Two of the marquee brands in diecast. Two GT-R’s. Two heavyweights going against each other, but there can only be one winner.
This dark grey AUTOart Nissan GT-R (R35) is my latest acquisition. I was offered a price of $110 shipped, which I couldn’t turn down. If you’ve been keeping track, this my fifth R35 (with dozens more in 1/64), and I’m not even ashamed to admit how much I love the car. People want it to be this and that. They want it to look as beautiful as an Italian exotic. They want to be coddled as if they’re driving a German. They want the back end to swing out when you nail the gas around a corner, like an American. Guess what? That’s not what Godzilla is about. It’s distinctly Japanese, as it should be. It’s a purposefully-built, Gundam-styled, technologically-advanced machine that flat-out gets the job done.
Back in the day, when I had just started getting into diecast, when the R35 GT-R was still an otherworldly marvel, AUTOart and Kyosho both introduced their eighteenth scale models of Godzilla at around the same time, stirring debate from collectors and fans alike. Both models sat at around the same price point, so it was a natural comparison. Who did it better?
The younger me would read all the talk on the forums, scroll through the photos, and form my own opinion based on what I saw through pixels, letters, and hyperbole. At the time, it was undoubtedly the AUTOart for me, but it ultimately made no difference. I was like one of those internet guys who talked the talk but didn’t walk the walk. I had zero intention of owning either, let alone getting myself caught up in the high-end model car game.
Things change. Now I have them both, and I get to be the judge.
Keep in mind that these are actually two slightly different versions of the R35 GT-R. The Kyosho is the left hand drive version that we get here in the states; the AUTOart is true JDM. That explains a few of the minor differences such as the color of the indicators, some of the engine details, and the roof antenna that is present on the silver example. Despite that, it’s always interesting and surprising to see how two different companies have two very different ways of replicating essentially the same car.
In the grand scheme of things, these two are actually incredibly similar to one another as far as accuracy is concerned. Most overlapping models out there have a clear stud and a clear dud. If you didn’t want to read the comparison, I would just tell you now that you can’t go wrong with either, and that the final verdict is more subjective than it is qualitative.
(No toys were harmed in the making of this review.)
If you come across these models, in person or in photos, there is one definitive indicator as to which is which: the wheels. Kyosho opted for the always-stylish gunmetal finish on their wheels, wrapped with thicker tires. AUTOart went with the standard silver wheels (there are variants with matte black wheels that go for more than $300 these days) and tires that look brutally emaciated in comparison - and believe it or not, these are completely true to the real car.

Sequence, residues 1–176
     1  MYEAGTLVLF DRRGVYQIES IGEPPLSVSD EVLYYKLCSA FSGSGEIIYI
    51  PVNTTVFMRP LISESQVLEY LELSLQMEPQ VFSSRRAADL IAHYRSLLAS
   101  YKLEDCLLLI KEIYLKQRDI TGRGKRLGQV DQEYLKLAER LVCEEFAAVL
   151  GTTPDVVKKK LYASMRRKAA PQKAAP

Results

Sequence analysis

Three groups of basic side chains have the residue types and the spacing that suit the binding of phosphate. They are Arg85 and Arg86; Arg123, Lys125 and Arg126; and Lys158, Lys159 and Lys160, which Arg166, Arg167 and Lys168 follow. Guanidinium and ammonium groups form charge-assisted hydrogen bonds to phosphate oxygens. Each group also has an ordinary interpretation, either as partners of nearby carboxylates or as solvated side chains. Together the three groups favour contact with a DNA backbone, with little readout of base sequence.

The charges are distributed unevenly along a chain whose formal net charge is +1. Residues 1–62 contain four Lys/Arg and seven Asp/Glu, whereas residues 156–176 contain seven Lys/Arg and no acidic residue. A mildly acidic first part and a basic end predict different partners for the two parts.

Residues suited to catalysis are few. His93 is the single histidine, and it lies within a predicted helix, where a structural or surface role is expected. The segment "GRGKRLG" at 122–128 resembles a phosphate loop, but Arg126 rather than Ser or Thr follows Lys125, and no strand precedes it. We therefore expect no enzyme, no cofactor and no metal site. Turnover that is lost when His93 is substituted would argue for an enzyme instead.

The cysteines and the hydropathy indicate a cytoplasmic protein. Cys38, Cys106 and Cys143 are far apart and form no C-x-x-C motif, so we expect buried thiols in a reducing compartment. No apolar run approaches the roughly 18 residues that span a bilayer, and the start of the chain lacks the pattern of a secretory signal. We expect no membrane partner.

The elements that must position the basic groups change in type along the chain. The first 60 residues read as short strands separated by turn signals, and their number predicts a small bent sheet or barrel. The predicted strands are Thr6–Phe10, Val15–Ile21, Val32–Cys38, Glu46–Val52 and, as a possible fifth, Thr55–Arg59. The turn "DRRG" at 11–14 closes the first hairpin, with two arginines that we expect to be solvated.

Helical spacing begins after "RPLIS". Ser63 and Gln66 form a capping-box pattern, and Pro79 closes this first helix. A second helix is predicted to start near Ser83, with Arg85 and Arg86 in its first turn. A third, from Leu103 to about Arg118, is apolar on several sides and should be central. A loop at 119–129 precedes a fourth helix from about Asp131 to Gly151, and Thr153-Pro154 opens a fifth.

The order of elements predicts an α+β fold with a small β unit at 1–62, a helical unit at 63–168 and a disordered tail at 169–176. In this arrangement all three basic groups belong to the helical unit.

Behind the wheels, we have the brakes, and AUTOart continues to uphold its commitment to accuracy. The Kyosho has discs whose slots are far too large and noticeable; however, I do prefer its more metallic finish.
Overall proportions and bodywork are excellent on both, serving as a reminder of why you pay top dollar for these models. The rest lies in the fine details.
It may be hard to see from all the chrome, but Kyosho went all in with the headlights.
The AUTOart has a more accurate exhaust, with a better finish and a properly-angled cut at the end.
Unsightly hinges on the Kyosho are also very awkward to operate and cause excessive panel gap.
Love the wiring on the AUTOart, but the Kyosho has better mouldings for its engine components. Also of note: AUTOart’s carbon fiber print on the grille vs. Kyosho’s textured pattern.
Do underpanel details matter? According to Kyosho, yes. Yes they do.
No contest here - just look at the hinges.
+1 to AUTOart for the photo-etched GT-R emblem on gills. -1 for the blurry photo.
The GT-R’s interior may not be much, but this one is super nice.
Where did the leather stitching go? Also, the carpeting material is unrealistic.
So here’s what we’ve got. The AUTOart is virtually the unanimous winner when it comes to the exterior. If you want the most accurate R35 on the market, it’s the one to get. The Kyosho wants to remind everyone that it’s the inside that counts, but interior details often get overlooked when it comes to scale models.
Forget all of that. If you’re familiar with these models, if you’ve read all the discussion, if you’ve ever considered getting one of these, you’ll know there’s really only one deciding factor:
The color of the wheels.
And that’s really the great equalizer here. The Kyosho can be an inferior model, but it will still win over your heart with those slick gunmetal wheels (not to mention market value that is about $50 less than the AA). That’s where I stand in this comparison. I’ll take the Kyosho, please.
Or, you know, both!